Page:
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Geologic Column
Working — and writing — in the rain
Lisa A. Rossbacher

Geologists have always dealt with less-than-ideal conditions for doing fieldwork. Rain, snow, cold, heat, humidity, aridity — most people have a favorite story about “the worst conditions ever.” Field days, and even entire field seasons, have been wiped out by the weather.

Increasingly, technology is making it possible for geologists to work in conditions that were once prohibitively inclement or extreme. For a field geologist, however, being in the field area — whatever the environmental conditions — is only the first step. The critical element is collecting accurate, useful, readable notes about the evidence that is found there, and that’s what weather can prevent.

People in a wide range of professions who work in the field have traditionally had a problem with taking notes in damp or wet conditions. The problem occurs in rain, drizzle, humidity, fog or wherever there is a risk of getting splashed, sweated over, dropped, dunked or spilled upon. The paper gets soggy. The ink smears. The pages disintegrate.

One solution that addresses this problem is all-weather writing paper, of which the best known is marketed by the J.L. Darling Company as “Rite in the Rain.” Jerry Darling was a printer who originally invented the process of applying an oil-based coating to regular paper in the 1920s for the logging industry in the Pacific Northwest. The formula includes paraffin and titanium dioxide, but only six people know the complete secret formula. These waterproof papers have expanded from notebooks for the specialized needs of the logging industry to a line of materials that are used around the world.

The company has adapted their products to a wide range of outdoor activities. Specialized notebooks are available for field geologists, ornithologists, landscapers, contractors, commercial fishers, competitive skiers, law-enforcement personnel, divers, search-and-rescue specialists and the military. The paper has traveled to Rapa Nui and Afghanistan, to the top of Mount Everest and to the bottom of limestone caves.

Waterproof paper has gone to some other interesting places as well. The musher’s diary for the Iditarod must be waterproof; the health of every dog is documented at each checkpoint, in some very cold and wet conditions. In the wake of hurricanes, Federal Emergency Management Agency personnel and insurance adjusters use waterproof paper. And such paper was part of the production of a number of films, including The Blair Witch Project and Free Willy. Around the world, waterproof paper is used for “geocaching,” which is documenting the locations of hidden deposits of small trinkets and large bragging rights. Field biologists have used waterproof notebooks to record information about seals, dolphins and gorillas.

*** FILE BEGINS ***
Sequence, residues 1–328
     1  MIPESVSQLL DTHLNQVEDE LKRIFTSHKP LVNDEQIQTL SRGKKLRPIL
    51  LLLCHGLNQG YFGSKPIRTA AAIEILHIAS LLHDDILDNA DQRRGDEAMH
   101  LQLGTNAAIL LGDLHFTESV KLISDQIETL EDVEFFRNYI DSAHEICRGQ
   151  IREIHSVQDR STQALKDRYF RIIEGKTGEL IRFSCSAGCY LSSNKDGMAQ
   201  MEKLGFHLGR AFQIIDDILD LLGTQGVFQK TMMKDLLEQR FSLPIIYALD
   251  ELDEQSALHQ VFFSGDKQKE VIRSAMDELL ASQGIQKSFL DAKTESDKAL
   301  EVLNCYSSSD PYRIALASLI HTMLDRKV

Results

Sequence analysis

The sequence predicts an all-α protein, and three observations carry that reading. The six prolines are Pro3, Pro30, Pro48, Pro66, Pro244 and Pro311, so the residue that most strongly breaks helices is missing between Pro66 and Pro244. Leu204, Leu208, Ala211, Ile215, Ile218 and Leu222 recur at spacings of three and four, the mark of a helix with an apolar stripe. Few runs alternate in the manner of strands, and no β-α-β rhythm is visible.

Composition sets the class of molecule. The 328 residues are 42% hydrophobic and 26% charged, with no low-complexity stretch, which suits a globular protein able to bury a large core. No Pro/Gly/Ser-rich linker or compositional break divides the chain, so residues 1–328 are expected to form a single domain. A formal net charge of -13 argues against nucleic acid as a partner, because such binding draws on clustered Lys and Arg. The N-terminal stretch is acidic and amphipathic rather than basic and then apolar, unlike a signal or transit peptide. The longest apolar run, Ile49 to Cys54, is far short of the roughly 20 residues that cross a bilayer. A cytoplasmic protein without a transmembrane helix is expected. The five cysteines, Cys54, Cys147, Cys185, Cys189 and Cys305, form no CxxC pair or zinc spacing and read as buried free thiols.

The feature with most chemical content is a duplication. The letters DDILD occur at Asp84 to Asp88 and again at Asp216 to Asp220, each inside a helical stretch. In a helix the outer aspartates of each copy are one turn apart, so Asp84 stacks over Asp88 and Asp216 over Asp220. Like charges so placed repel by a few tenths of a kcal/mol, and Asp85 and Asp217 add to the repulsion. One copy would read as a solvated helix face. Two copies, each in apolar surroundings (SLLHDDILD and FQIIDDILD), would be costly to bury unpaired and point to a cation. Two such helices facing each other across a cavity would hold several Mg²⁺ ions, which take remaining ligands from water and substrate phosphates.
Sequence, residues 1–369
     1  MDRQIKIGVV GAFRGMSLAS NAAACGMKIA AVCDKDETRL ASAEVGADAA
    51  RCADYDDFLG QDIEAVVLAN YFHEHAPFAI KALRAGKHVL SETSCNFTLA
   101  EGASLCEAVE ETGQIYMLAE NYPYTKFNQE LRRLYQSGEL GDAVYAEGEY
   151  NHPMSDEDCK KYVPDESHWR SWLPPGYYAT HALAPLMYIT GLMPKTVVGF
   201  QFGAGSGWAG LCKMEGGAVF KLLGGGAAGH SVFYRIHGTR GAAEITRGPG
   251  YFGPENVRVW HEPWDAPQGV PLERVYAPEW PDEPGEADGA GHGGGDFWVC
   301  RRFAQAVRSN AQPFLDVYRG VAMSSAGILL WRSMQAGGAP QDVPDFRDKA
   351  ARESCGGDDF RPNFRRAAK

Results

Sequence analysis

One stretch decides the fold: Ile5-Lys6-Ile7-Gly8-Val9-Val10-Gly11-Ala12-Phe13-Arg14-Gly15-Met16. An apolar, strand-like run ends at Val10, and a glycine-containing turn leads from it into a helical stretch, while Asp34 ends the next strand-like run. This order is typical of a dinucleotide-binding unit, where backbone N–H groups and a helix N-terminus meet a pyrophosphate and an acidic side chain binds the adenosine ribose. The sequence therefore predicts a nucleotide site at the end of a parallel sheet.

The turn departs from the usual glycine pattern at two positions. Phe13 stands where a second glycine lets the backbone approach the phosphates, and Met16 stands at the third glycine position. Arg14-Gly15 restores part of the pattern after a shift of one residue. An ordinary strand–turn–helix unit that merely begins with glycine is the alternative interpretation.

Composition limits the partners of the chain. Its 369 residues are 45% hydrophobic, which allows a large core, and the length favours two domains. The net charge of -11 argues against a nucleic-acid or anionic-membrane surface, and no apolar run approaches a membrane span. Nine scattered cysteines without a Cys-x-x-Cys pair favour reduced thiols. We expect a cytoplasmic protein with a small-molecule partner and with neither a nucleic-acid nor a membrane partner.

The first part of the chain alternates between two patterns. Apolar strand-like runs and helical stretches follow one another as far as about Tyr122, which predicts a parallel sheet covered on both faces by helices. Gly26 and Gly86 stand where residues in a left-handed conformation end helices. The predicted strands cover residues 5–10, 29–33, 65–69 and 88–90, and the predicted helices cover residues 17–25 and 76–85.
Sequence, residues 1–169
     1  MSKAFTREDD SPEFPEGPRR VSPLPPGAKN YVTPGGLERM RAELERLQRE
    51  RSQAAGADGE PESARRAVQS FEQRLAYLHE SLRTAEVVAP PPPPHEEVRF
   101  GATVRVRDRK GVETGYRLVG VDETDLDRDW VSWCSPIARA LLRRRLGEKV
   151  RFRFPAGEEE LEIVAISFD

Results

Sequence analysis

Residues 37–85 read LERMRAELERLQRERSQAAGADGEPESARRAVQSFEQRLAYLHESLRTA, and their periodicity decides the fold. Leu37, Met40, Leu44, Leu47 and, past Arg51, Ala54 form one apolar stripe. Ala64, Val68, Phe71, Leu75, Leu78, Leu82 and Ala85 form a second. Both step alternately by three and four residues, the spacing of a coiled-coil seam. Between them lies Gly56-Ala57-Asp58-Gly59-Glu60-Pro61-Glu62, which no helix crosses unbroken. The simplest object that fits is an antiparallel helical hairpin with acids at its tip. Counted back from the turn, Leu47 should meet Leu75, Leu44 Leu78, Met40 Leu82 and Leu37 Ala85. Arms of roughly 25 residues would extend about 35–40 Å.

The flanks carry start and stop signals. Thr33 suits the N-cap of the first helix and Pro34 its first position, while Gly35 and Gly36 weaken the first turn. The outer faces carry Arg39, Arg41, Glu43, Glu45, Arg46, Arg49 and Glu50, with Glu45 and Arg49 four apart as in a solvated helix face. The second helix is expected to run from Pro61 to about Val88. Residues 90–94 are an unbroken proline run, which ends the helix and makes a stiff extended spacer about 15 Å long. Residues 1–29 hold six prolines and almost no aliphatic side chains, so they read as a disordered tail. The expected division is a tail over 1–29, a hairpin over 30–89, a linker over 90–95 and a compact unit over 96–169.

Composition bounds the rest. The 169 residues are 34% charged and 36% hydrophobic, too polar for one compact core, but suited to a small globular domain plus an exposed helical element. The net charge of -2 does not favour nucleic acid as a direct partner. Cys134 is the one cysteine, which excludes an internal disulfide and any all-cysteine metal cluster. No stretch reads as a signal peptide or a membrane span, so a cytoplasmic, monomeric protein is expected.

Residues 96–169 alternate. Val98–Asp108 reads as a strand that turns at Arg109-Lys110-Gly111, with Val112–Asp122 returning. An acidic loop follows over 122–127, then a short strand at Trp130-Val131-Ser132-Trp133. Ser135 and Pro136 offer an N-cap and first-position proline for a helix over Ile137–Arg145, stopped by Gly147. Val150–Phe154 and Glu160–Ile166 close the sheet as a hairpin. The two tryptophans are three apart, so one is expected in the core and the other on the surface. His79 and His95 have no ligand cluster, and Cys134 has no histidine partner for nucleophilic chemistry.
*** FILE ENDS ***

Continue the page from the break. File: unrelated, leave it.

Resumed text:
Few products have been as thoroughly field-tested as waterproof paper, and serious users have found some problems. Notebook covers have been known to disintegrate, although the paper remained intact. Pencil writing can smear, especially if the lead is relatively soft (less than 2H; see “Pick Up Your Pencils Please,” Geotimes, November 2004). Ink can spread, although this is usually the result of dilution by beaded water rather than any flaw in the waterproofing. Water can soak into the paper, underneath the waterproofing, from the edges. However, these are relatively minor issues, compared with total disintegration of a set of field notes.

In the recent past, geologists collected their field notes during the day and then spent the evenings transcribing them into computers. Laptops were far too fragile and too susceptible to damp, dust and dropping to be a field tool. With the advent of “ruggedized” computers, however, laptops and notebook computers are now part of doing fieldwork, and some geologists skip the handwritten part of the process by entering data directly into a computer, under once-prohibitive conditions. Total stations with data recorders are another example of a technology that skips the paper record completely.

Notebook computers are usually enclosed in an aluminum or magnesium casing, rather than molded plastic. The keyboard and ports are sealed to protect against liquids and dirt, and the key internal elements are mounted to absorb shock. Ideally, the laptop will meet “Military Standard 810E,” which means, among other criteria, surviving a 3-foot drop onto a concrete surface.

Ruggedized notebook computers have been described as the “John Waynes of portable computing.” They take whatever you can dish out. However, they are also generally heavy (9 to 12 pounds), and they can easily cost $4,000 to $6,000 or more. But when the conditions dictate, they can be exactly the right technology for the job.

Other field equipment is increasingly designed for harsh treatment. Trimble, for example, produces a “ruggedized” GPS total station that claims higher precision in extreme conditions, “built to survive a pole drop of up to 6 ft and can be submerged in 3 ft of water.” The equipment may cope with field conditions better than the geologists can.

Notetaking and data collection are essential parts of geological fieldwork. Generations of students have been taught, “If you don’t write it down, you won’t remember it.” If your notes have dissolved, disintegrated or been lost, the outcome is exactly the same. Technology is available to protect data from splashing, dunking, drenching and dropping. Now, if someone would only invent field books and laptops that could always be located...

Rossbacher, a geologist, is president of the Southern Polytechnic State University in Marietta, Ga.


Pick Up Your Pencils Please,” Geotimes, November 2004

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